By: Lydia Mains, Pūkenga Kaiwhakahaere/Site Manager - Motueka
and Sonny Alesana, Te Pou Taki/Cultural Advisor
Pacific blue, frangipani, gardenia, lei, hula, smiley people, scooters, free range chooks, united approach to nursing.... (don't mention health and safety) where else… but the Cook Islands!
The South Pacific Nurses forum was held in the idyllic home of our ancestors, Rarotonga. This bi-annual event has been an opportunity to share relevant nursing knowledge and findings that are original, culturally rich which can be applied to other Pacific countries. This forum aims to highlight and advance nursing practice in the Pacific Island nations.
The forum ran from Mon 15th through to the 18th October. There were 43 presentations in total and covered themes of nursing practice including midwifery.
Sonny and I presented on Te Piki Oranga structure and model of care which is based on our Māori values. This highlighted the strength we have as an organisation and as Māori about how advanced and developed we are in comparison to our more isolated, demographically challenged Pacific brothers and sisters!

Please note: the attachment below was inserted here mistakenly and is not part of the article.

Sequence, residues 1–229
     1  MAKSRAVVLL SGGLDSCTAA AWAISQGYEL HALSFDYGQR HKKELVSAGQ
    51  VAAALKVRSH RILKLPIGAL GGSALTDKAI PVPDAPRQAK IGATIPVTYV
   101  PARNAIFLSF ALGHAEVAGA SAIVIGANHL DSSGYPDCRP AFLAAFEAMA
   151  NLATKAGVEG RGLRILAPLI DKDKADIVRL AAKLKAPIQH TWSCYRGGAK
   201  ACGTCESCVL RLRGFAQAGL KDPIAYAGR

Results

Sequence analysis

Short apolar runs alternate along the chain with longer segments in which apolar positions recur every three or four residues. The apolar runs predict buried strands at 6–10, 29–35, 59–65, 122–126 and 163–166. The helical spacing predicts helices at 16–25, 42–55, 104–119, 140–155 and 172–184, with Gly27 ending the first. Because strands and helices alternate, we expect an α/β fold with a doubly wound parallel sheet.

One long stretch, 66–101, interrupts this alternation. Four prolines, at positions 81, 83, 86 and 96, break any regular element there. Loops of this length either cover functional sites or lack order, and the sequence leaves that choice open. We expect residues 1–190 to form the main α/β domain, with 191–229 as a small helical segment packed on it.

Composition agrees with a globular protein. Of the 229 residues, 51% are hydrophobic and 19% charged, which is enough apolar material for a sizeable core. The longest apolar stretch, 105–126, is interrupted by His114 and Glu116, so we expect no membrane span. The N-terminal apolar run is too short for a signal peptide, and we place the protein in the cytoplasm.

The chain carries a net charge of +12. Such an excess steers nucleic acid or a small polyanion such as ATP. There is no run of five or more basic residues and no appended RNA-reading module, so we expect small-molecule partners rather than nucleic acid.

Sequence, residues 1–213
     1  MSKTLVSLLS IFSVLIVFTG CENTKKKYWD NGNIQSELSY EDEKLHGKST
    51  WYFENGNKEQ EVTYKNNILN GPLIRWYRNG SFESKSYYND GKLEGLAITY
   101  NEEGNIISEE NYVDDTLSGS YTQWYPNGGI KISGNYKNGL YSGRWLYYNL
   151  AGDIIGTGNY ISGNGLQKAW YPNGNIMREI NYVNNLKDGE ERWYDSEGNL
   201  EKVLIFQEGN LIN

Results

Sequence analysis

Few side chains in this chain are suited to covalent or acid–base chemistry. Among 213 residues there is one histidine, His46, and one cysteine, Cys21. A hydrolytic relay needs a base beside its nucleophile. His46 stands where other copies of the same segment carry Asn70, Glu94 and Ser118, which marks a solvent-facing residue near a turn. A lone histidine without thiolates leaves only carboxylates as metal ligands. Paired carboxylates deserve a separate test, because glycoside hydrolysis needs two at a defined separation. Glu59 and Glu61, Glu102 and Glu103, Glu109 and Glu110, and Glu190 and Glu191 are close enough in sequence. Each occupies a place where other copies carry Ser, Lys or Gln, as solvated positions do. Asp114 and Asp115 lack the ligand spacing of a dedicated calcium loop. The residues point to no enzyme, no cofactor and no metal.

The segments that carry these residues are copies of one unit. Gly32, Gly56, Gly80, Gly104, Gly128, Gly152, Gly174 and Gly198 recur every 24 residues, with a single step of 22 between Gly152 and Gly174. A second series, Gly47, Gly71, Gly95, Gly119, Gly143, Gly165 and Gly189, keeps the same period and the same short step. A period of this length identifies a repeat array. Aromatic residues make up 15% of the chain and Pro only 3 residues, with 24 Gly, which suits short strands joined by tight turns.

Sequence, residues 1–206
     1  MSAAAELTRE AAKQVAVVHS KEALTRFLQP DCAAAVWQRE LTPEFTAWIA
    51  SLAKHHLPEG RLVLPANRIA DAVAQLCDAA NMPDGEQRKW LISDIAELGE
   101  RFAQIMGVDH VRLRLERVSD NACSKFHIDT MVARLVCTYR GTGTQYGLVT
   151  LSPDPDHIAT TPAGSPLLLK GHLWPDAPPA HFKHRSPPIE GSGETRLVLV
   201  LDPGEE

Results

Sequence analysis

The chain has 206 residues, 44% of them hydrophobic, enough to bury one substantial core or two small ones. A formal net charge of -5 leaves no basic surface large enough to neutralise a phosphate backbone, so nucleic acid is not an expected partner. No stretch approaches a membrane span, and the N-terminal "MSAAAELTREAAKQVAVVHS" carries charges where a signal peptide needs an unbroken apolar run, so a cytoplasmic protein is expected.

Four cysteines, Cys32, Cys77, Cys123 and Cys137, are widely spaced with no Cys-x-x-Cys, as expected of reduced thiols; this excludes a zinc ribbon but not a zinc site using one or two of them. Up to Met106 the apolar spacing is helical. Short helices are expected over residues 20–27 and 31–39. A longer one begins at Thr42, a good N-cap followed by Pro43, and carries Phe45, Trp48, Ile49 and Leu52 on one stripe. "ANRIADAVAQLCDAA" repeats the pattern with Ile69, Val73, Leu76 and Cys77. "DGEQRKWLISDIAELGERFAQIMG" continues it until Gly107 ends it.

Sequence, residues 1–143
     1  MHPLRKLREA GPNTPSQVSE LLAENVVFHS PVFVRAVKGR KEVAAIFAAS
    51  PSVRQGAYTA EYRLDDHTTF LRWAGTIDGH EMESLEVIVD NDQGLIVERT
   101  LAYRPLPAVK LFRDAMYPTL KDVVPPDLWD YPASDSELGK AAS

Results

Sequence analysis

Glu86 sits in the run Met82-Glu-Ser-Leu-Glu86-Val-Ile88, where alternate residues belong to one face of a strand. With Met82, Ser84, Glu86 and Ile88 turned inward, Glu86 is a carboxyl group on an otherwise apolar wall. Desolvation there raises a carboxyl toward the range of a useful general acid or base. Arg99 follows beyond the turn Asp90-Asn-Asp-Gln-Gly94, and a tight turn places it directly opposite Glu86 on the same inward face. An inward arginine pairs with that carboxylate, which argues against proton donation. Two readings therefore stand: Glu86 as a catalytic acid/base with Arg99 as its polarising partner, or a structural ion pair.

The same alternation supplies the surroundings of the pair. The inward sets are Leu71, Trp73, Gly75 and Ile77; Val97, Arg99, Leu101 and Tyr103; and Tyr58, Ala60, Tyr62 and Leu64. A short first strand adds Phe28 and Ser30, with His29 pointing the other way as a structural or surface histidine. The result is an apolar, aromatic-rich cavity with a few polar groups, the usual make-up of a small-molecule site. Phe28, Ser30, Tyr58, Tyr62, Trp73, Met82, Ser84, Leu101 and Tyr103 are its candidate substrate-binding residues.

We presented a case study on our Podiatry Clinic which drew a lot of interest from nurses. The Vanuatu Nurses Association and Te Piki Oranga are investigating ways that we can share knowledge that Te Piki Oranga has gained from running podiatry clinics. Amputations from diabetes complications is one of the most pressing health issues in Vanuatu.
We took the opportunity to visit Takitumu Primary School in Rarotonga and during our visit we were able to look at their Oral Health Project and discovered that they needed toothbrushes and toothpaste. We were able to courier toothbrushes and toothpaste to the school on our return to Nelson.
This was a very humbling experience and being immersed in the Pacific culture gives a richness to practice as you experience first-hand the challenges and the reality of practicing in an environment with a shortage of health professionals, resources compounded by undeveloped infrastructure i.e fresh running and drinkable water, this is their reality in which Islanders face daily.
I ‘d like to finish by saying; stepping off the tarmac into Rarotonga whenua in October you are fragrantly welcomed and serenaded by waiata and ukuleles playing which showcases the Pacific at it's beautiful best!